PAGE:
How to Make

Pie Crust

Basic Recipes

Full Flaky Crust

2 Cups white flour
1½ sticks butter
¼ teaspoon salt
~5 Tablespoons water

Add the salt to the flour, then cut the butter in with your fingers, or you can use one of those metal tools. Another trick is to freeze the butter and then add it to the flour with a cheese grater. Colder dough is good because you lose flakiness if the butter melts too soon. Anyway, when the lumps of butter are about the size of peas or cornflakes, gradually sprinkle the water in while gently stirring. The rule for flaky crust is to work the dough as little as possible. When the ball of dough just barely holds together, roll it out on a floured surface.

Everyday Crust

1 Cup white flour
1 Cup whole wheat pastry flour
1 stick butter (½ Cup solid oil)
¼ teaspoon salt
~5 Tablespoons water

I find that half white flour and half whole wheat pastry is the best of both worlds. The white flour keeps it easy to roll out, and the whole wheat adds flavor and texture. If I'm eating a lot of pies I'll reduce the butter to ¾ of a stick. Put the crust together as above.

Liquid Oil Crust

2 Cups flour
½ Cup liquid oil
½ teaspoon salt
5 Tablespoons water

Mix the flour and salt, and pour the oil and water in all at once. Mix the dough quickly and gently, and roll it out between sheets of waxed paper. When you're done, pull the top sheet off, flip the crust over where you want it, and then pull the other sheet off.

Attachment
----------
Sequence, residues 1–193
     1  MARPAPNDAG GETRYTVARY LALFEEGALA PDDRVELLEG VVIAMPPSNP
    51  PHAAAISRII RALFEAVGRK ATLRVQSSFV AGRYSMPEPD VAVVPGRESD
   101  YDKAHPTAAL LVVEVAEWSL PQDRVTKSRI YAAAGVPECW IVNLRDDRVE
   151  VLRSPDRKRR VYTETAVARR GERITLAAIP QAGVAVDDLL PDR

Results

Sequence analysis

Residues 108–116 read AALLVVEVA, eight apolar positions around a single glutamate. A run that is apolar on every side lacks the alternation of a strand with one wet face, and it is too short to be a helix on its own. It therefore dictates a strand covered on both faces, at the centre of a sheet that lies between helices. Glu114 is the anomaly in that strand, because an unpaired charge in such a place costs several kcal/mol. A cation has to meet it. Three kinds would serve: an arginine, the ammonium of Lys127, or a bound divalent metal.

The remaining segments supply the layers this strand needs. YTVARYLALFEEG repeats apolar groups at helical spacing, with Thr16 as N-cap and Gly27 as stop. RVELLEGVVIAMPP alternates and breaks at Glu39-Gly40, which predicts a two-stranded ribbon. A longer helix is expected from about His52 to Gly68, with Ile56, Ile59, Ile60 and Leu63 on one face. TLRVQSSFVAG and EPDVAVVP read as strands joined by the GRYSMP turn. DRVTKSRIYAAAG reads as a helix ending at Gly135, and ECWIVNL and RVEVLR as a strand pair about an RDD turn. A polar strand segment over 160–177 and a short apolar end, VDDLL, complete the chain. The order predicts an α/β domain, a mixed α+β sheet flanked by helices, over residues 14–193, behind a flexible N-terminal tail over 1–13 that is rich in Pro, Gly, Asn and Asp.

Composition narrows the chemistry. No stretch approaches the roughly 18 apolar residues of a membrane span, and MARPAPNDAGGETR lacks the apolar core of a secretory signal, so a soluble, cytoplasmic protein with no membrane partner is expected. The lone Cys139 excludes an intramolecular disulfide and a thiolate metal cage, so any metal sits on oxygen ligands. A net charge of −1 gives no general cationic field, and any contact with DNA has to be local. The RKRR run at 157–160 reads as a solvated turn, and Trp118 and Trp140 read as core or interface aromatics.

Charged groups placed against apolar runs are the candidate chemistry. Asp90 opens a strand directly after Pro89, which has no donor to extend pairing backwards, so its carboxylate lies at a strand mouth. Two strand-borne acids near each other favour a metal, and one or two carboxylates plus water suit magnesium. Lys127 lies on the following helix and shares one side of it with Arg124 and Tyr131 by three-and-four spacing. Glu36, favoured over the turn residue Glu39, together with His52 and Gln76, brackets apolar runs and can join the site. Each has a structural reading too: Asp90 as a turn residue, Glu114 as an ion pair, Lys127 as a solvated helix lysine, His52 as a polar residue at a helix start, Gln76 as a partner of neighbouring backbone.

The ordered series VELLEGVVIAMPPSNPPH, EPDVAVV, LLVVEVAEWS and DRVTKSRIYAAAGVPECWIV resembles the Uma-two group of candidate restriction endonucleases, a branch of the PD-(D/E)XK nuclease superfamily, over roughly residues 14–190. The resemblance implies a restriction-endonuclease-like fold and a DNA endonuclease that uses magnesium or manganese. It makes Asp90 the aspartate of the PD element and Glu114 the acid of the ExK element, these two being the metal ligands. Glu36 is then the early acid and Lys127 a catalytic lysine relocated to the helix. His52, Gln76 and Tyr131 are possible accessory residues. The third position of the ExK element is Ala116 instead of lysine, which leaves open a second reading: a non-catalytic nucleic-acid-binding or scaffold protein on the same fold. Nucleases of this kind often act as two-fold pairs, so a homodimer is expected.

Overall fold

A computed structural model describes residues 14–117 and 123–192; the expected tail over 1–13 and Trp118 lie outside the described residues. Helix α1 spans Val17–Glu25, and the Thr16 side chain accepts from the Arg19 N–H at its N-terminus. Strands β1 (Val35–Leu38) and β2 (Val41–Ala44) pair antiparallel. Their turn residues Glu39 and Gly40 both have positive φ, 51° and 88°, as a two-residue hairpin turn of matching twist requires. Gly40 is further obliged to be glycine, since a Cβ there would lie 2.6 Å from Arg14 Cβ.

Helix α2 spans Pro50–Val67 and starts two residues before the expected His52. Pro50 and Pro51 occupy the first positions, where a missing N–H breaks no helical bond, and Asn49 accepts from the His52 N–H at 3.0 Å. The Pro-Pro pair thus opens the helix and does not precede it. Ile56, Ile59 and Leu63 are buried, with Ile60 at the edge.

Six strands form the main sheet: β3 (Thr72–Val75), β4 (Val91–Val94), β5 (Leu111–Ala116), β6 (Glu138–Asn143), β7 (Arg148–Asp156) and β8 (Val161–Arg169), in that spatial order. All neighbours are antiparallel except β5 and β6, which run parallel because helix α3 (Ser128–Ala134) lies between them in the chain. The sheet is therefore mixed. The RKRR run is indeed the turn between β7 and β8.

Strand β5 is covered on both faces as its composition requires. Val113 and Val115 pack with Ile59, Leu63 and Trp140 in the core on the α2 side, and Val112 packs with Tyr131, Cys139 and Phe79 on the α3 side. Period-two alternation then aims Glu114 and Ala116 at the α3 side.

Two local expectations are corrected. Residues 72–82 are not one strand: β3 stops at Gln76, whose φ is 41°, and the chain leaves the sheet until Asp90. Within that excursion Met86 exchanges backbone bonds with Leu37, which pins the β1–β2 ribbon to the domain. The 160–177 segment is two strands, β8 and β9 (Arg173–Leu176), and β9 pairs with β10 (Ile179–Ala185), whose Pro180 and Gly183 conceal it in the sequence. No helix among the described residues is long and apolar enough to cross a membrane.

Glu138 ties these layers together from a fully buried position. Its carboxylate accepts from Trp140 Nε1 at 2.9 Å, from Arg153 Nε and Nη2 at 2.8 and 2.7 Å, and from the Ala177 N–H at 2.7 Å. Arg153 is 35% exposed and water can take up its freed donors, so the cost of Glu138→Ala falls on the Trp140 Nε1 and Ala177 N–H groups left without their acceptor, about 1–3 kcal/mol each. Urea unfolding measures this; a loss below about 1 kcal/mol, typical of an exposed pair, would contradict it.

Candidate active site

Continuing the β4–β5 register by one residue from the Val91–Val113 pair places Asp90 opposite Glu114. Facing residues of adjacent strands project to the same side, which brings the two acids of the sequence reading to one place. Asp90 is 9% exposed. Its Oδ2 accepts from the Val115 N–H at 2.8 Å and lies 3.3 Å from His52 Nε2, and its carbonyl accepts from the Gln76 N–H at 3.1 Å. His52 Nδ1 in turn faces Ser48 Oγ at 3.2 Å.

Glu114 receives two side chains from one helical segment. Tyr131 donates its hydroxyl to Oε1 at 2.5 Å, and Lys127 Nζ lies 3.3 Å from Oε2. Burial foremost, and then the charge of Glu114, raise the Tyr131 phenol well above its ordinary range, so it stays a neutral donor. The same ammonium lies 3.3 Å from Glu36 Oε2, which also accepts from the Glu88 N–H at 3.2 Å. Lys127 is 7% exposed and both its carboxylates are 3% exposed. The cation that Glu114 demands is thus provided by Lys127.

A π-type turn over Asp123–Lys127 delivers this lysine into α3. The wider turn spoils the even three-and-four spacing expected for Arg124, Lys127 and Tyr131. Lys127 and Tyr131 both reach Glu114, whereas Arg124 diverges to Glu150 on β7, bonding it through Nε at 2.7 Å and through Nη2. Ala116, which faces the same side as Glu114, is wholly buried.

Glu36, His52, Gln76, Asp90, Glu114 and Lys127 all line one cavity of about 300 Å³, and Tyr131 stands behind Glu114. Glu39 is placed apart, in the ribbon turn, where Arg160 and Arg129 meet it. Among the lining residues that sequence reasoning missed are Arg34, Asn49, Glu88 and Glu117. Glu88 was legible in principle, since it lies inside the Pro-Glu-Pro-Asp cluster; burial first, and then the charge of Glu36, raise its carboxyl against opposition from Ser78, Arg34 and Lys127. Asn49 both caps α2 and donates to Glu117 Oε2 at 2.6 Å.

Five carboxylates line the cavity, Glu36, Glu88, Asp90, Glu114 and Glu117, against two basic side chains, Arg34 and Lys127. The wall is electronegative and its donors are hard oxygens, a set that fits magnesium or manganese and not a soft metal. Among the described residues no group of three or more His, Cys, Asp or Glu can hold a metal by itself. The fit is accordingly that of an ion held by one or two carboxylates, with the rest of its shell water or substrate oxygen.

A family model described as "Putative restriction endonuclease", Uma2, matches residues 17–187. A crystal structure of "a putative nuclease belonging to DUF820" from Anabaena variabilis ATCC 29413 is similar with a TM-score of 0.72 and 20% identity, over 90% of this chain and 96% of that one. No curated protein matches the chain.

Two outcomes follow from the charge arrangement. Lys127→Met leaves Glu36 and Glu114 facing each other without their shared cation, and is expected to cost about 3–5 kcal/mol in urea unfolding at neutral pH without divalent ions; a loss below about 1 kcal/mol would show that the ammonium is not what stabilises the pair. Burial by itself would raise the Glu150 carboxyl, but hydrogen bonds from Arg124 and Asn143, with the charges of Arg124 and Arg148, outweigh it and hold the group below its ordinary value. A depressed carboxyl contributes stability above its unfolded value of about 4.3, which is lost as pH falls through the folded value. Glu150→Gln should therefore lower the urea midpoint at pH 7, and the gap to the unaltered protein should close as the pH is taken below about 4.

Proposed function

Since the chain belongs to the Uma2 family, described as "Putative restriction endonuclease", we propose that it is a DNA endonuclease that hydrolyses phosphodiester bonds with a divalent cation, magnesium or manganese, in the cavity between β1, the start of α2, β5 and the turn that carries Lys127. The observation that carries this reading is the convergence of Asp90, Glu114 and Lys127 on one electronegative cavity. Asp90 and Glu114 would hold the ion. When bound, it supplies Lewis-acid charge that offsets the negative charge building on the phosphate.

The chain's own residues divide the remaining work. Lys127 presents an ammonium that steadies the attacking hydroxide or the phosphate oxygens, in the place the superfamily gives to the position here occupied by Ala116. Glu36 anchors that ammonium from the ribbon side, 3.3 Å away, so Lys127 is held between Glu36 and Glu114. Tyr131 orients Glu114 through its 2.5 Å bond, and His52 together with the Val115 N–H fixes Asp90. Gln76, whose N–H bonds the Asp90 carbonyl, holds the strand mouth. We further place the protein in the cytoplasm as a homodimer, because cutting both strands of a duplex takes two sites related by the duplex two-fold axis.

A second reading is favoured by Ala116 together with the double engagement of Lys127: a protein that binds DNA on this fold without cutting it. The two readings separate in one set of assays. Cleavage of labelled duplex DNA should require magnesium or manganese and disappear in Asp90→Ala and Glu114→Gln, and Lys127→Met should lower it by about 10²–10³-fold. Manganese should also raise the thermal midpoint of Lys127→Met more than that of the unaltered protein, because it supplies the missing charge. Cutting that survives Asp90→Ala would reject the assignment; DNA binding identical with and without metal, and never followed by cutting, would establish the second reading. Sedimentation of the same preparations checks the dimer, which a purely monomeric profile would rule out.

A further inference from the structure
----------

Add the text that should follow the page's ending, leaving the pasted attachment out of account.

This is a dangerous recipe because it's important to measure exactly. People tend to scoop with the flour cup and fill the oil cup to somewhere below the rim, which creates a dry unworkable dough. You have to place the flour lightly into the measuring cup, and fill the oil to the very rim. If that's not your style, you'll have to adjust the quantities.

Ran's Sourdough Crust

1 Cup flour
1 stick butter (½ Cup solid oil)
¼ teaspoon salt
1 16oz jar bubbly sourdough (less volume if it's fallen)

I often make the sourdough with whole wheat flour and then use white flour as the dry part, and again, less butter if I'm eating lots of pies. Mix flour, salt, and butter as above, then dump the sourdough in, stir it up, and roll it out. Don't worry about being gentle with the dough -- this one is not going to be flaky, but it will have a more interesting flavor. If you want the added flour to get soured too, just make the crust about eight hours before you're going to use it.

Sprouted Crust

For sprouting instructions, I recommend this sprouting page. I use the jar method without any cloth or screens -- just my fingers. You can experiment with all kinds of seeds. If you're going to use grains, wheat and rye are easiest.

When the sprouts are ready, run them through a grinder or a food processor, mix in some butter and salt and sweetener if you want, and press it into a well-oiled pan. I don't recommend this for a two-crust pie, but if you do make a top crust, you'll have to use waxed paper, and even then it will be difficult.